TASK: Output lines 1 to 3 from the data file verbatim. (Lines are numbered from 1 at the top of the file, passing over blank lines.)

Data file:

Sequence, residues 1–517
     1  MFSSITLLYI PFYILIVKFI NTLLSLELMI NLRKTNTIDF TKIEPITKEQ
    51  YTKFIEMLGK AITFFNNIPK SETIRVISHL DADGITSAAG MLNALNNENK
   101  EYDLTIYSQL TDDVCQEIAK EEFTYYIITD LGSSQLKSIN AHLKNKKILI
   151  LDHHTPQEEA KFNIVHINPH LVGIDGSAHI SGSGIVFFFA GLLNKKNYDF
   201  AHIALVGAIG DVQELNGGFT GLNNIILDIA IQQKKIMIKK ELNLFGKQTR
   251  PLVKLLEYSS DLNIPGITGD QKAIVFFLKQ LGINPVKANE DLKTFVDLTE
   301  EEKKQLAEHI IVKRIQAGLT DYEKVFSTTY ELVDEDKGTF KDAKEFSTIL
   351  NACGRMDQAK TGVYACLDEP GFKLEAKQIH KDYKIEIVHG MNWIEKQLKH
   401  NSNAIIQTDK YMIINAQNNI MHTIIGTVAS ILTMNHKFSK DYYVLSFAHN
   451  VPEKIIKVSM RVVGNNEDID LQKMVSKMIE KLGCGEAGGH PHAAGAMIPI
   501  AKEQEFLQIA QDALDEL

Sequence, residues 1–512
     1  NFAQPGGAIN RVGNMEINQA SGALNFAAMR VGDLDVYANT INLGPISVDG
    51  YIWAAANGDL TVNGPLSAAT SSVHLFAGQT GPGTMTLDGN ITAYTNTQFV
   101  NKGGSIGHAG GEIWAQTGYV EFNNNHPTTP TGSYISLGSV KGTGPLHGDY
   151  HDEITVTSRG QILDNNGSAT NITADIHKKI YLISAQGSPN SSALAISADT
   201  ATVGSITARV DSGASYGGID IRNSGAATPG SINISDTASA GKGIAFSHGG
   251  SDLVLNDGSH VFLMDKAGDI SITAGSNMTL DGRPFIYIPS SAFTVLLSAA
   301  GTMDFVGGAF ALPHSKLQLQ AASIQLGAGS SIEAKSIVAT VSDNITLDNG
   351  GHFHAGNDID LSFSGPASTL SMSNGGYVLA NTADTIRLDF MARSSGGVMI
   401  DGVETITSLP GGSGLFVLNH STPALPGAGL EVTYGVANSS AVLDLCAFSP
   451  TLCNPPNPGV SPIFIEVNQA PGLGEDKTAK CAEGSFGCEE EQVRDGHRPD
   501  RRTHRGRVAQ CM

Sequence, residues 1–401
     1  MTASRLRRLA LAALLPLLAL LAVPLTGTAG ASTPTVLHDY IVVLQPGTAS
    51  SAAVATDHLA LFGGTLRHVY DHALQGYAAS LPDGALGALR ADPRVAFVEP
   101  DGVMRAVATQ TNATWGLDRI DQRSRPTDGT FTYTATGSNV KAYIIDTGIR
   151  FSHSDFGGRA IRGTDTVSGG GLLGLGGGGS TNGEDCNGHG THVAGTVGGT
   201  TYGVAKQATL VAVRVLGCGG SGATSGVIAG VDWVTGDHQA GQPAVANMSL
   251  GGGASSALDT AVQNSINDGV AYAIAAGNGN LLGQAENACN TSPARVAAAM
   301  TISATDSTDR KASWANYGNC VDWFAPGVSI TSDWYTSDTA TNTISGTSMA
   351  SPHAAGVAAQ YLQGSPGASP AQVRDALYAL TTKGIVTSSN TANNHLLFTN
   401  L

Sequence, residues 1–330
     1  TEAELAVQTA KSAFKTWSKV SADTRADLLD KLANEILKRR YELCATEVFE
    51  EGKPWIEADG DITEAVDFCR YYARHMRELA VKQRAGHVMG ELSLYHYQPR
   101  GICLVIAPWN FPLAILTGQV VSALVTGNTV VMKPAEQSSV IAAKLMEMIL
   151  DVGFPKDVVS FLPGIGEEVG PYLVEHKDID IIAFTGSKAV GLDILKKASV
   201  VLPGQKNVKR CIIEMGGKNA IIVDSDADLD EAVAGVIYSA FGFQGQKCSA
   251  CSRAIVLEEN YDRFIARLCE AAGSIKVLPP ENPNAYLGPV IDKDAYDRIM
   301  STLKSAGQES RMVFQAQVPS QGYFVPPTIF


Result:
Sequence, residues 1–517
     1  MFSSITLLYI PFYILIVKFI NTLLSLELMI NLRKTNTIDF TKIEPITKEQ
    51  YTKFIEMLGK AITFFNNIPK SETIRVISHL DADGITSAAG MLNALNNENK